Our stories matter, whether they seem big and dramatic or small and insignificant. I’ve lived a good chunk of years thinking that no one wants or needs to hear about my life because it’s not exciting enough. That’s a lie. Don’t let the enemy tell you that your story isn’t interesting enough to make an impact. On the flip side, don’t let the enemy tell you that your story is too crazy or too much for people to handle, either! God is writing your story for you specifically, and nothing He does—and I mean nothing—is without purpose.

Your story is a gift to someone. It might be a gift to a lot of people. IMG_7214

I think I read that C.S. Lewis defined friendship as the moment when one person says to another, “You too? I thought I was the only one.” (I hope that’s a real quote and not just something someone stuck on a meme.) The point is, our stories show us we’re not alone, if we are willing to share them. They connect us to each other. They inspire and encourage. They teach. Most importantly, they point anyone who will listen (or read) back to the Author of them all, who deserves all the glory.

Will we be brave enough to share them?

What I learned in March

What I learned_ March

It’s a new month, and I’m here (a few days late) to link up with Emily Freeman for the March edition of What I Learned. I’ve been keeping a tiny notepad handy and jotting these things down so I wouldn’t forget—I’m so glad I did!

So, without further ado, here are some things I learned in March:

 For me, sometimes being brave looks like:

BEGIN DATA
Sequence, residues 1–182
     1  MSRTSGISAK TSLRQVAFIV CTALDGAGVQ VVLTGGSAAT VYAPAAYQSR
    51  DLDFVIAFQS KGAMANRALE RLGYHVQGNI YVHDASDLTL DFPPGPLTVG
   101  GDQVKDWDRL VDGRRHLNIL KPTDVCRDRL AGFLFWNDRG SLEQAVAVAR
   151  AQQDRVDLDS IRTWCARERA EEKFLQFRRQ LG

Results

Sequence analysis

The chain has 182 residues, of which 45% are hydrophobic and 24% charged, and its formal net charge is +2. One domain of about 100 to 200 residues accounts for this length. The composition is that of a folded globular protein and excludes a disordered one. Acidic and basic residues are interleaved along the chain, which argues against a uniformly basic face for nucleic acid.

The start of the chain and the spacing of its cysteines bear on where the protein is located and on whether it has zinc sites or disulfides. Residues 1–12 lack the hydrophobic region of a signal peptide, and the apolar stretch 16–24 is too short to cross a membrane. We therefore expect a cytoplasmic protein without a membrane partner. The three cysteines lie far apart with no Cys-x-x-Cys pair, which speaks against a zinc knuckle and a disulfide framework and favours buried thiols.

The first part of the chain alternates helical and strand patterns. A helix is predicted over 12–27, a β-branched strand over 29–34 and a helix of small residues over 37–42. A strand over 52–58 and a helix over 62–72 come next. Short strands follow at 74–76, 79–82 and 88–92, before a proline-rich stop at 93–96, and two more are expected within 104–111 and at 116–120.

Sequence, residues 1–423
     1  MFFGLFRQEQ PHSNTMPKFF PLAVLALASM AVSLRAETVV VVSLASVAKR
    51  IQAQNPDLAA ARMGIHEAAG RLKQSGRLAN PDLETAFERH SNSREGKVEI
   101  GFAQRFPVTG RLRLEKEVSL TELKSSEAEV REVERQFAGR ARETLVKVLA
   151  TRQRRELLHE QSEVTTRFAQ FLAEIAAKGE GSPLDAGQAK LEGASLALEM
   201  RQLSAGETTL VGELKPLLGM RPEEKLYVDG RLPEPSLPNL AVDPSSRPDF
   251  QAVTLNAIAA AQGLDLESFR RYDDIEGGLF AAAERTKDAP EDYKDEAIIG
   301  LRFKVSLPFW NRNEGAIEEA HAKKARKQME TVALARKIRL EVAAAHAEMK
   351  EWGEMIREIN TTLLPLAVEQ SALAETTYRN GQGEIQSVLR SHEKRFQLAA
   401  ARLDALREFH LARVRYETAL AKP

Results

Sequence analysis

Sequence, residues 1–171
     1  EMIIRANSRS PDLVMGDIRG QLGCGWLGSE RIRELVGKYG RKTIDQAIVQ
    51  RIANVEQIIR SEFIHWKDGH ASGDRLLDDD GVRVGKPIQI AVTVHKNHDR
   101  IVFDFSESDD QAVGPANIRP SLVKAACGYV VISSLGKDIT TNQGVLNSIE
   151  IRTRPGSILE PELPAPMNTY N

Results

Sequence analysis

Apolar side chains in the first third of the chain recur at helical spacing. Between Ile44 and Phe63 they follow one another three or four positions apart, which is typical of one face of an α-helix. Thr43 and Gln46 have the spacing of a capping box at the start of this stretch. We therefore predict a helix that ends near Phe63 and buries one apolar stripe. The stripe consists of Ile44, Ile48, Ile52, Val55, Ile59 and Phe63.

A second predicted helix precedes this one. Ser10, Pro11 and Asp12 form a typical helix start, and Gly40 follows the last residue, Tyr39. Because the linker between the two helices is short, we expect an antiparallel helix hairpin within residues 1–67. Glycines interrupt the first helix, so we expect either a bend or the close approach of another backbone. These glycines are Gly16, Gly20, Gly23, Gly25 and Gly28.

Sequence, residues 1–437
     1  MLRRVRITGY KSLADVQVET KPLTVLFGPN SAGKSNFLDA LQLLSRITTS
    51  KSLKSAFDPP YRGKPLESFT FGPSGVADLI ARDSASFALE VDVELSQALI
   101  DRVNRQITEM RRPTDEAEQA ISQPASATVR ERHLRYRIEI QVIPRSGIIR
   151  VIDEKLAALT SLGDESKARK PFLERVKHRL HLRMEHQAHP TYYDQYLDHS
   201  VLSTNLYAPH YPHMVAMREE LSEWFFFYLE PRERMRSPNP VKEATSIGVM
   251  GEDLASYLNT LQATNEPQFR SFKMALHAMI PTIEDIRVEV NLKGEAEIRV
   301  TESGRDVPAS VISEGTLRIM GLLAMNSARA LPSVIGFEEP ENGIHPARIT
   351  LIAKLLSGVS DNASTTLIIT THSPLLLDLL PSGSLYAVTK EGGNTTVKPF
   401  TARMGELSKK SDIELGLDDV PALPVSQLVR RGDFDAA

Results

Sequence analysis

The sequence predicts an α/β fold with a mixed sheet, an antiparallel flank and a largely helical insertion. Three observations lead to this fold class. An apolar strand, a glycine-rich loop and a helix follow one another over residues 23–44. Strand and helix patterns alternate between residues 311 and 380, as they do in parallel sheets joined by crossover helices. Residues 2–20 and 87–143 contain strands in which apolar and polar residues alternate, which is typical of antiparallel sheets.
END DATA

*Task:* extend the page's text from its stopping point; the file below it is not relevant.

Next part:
holding a friend accountable

saying yes to a playdate

asking for help

being honest—more specifically, not pretending I know what someone is talking about and then googling it later

chaperoning a 2nd-grade field trip

• I have been missing out my entire life by not going strawberry picking. We took our kids for the first time, and they loved it. This activity is going on the list of new family traditions. Which leads to…

Just because you can pick 8 pounds of strawberries doesn’t mean you should. My kids were all, “Yum, strawberries!” and “These are the best strawberries I’ve ever had!” until we got home from the patch, at which point they decided they were really more in the mood for other fruit.

Me: Want some strawberries? 

Toddler: I want bana! 

Me: But we have all these yummy strawberries, don’t you want some?

Toddler: I want booberries! 

You get the idea. I now have about 6 pounds of strawberries in my freezer. Who wants a smoothie?

Daniel Tiger offers good advice to my kids about 87 percent of the time. The other 13 percent have me running to turn off the TV.

Some examples:

“Whatever you do, think about what other people need too.” Good advice!

“When you feel so mad that you want to roar, take a deep breath and count to four.” Not bad, Daniel.

“If you have to go potty, stop and go right away.” Yes, that’s wise, thank you!